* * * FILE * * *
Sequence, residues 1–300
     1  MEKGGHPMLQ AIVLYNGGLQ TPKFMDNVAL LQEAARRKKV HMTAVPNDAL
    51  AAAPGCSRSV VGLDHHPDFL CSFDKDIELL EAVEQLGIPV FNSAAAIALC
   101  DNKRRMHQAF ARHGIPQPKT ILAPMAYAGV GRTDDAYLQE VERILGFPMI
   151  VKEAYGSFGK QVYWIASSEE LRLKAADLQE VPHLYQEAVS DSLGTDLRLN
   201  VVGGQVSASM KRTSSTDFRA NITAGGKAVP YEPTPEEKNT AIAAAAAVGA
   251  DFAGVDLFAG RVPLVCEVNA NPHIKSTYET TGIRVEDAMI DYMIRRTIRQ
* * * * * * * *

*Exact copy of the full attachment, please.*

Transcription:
Sequence, residues 1–300
     1  MEKGGHPMLQ AIVLYNGGLQ TPKFMDNVAL LQEAARRKKV HMTAVPNDAL
    51  AAAPGCSRSV VGLDHHPDFL CSFDKDIELL EAVEQLGIPV FNSAAAIALC
   101  DNKRRMHQAF ARHGIPQPKT ILAPMAYAGV GRTDDAYLQE VERILGFPMI
   151  VKEAYGSFGK QVYWIASSEE LRLKAADLQE VPHLYQEAVS DSLGTDLRLN
   201  VVGGQVSASM KRTSSTDFRA NITAGGKAVP YEPTPEEKNT AIAAAAAVGA
   251  DFAGVDLFAG RVPLVCEVNA NPHIKSTYET TGIRVEDAMI DYMIRRTIRQ